When I finished read Laura Bohannan’s essay “Shakespeare in the Bush” I felt that I was smiling. Can you beat it: Elizabeth Bowen-Smith (who will became Laura Bohannan later), intelligent student of Oxford university, sits on the calabash, drinks beer and explain the story of Hamlet to group of tribesmen. Some of them are a very experienced, old person who knows things. It seems that Laura met very interesting company: they are bilingual (but their English is much worse than their native Tiv language (Tiv-Batu sub-group of the Bantoid branch of the Benue-Congo subdivision of Niger-Congo)), they know only own culture and believe that people in all world are the same.
This concept of “universal understanding” brought her audience to idea that this young European girl (because all whites should be Europeans) do not remember this history exactly. She made a lot of mistakes and some details of Hamlet history were so strange for Tiv traditions that they were even fain to acknowledge that Europe is really another world. Bohannan told about Hamlet in very simple words and Tiv understood Hamlet plot, but very generally.
Different cultural backgrounds not only make the Tiv and Bohannan have very different interpretations of Hamlet status (“son of chief”) or the general ideas of life and death. But the Tiv people interpreted several specific aspects of the story much differently than the modern Western culture. Almost from the beginning of Bohannan’s tale, tribe members interrupted to question and disagree with her about most of the key elements in the story. There was the appearance of Hamlet’s father’s ghost, Claudius’ marriage to Gertrude, the fact that Hamlet couldn’t marry Ophelia, Hamlet’s madness, Polonius’ death, Ophelia’s drowning death and the poison for after the final duel.
The ghost of Hamlet’s father appeared in the castle to inform Hamlet of the truth about his death. The most of modern people could easily explain what is a ghost. The Tiv thought otherwise. The tribesmen scoffed at the notion that Hamlet’s father is a ghost because they don’t believe that any individual part of human personality survives after death.
Tiv culture believes in witches and witchcraft, and then Hamlet’s father image must have been a zombie sent by witches as an omen. I like this passage from Bohannan’s essay: “The old men muttered: such omens were matters for chiefs and elders, not for youngsters; no good could come of going behind a chief’s back; clearly Horatio was not a man who knew things” (Bohannan).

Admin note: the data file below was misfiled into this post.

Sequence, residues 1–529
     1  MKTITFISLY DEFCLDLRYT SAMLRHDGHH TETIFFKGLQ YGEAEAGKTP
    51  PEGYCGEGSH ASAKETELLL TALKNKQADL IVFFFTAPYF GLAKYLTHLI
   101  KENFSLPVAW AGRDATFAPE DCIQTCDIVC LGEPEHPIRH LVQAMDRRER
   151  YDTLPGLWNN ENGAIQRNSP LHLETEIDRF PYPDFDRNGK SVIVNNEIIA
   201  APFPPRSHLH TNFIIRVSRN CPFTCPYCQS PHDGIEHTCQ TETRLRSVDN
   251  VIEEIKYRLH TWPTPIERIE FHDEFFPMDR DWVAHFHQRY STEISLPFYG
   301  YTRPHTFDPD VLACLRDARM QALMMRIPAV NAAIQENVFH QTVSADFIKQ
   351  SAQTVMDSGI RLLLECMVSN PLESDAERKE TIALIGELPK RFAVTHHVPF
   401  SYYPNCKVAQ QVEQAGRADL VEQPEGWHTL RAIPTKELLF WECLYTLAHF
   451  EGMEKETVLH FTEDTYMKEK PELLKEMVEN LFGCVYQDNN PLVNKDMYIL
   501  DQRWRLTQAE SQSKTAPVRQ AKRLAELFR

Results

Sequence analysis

It seems that witches and their magic power were reality for Tiv people. You know that their religious beliefs were centered around the concept of akombo, defined as magical forces and their emblems. Between concepts of “ghost” and “akombo” we have intercultural gap. These words cannot be translated to other language without loosing some sense. Any translation is approximation only. For full understanding people should be members of certain society.
Let’s go on. In the story of Hamlet, Hamlet’s uncle, Claudius, marries Hamlet’s mother, Gertrude. This marriage was only two months after Claudius’ brother, the King, was killed. The modern Western culture feels that this marriage was incestuous. It also took place too soon after the death of her husband. The Tiv, however, found no problem with it. It was a custom for the natives for the brother of a deceased man to marry his wife. This way, the fields could be taken care of and the farms could be managed.
Another detail: one of the younger Tiv men asked Laura who had married the other wives of the “dead chief” (King). When she told that the King had only one wife they were surprised. “But a chief must have many wives! How else can he brew beer and prepare food for all his guests?” (Bohannan). Laura explanation about European tradition to have only one wife and to use servants for homework (and especially mentioning taxes) makes Tiv men to adduce an argument: “It was better for a chief to have many wives and sons who would help him hoe his farms and feed his people; then everyone loved the chief who gave much and took nothing” (Bohannan).
As you remember, in the Shakespeare’s play, Hamlet could not marry his true love, Ophelia, because he was royalty and she a commoner. The Tiv disagreed with this also. They felt that the marriage should be permitted because since Hamlet was royalty, then he could shower Ophelia’s father, Polonius, with gifts and money. This seemed to be very rational to the Tiv, although it seems to be an odd to the modern Western culture.
Since Hamlet was not permitted to marry Ophelia, he went mad. In the western tradition the positive imaging of love madness appeared probably in troubadours’ songs, probably in more ancient times. But for African tribe it was impossible to attribute madness to unhappy love affair. The Tiv felt that Hamlet’s madness was attributed to more serious cause – to witchcraft. They said her that “only witchcraft can make anyone mad, unless, of course, one sees the beings that lurk in the forest” (Bohannan).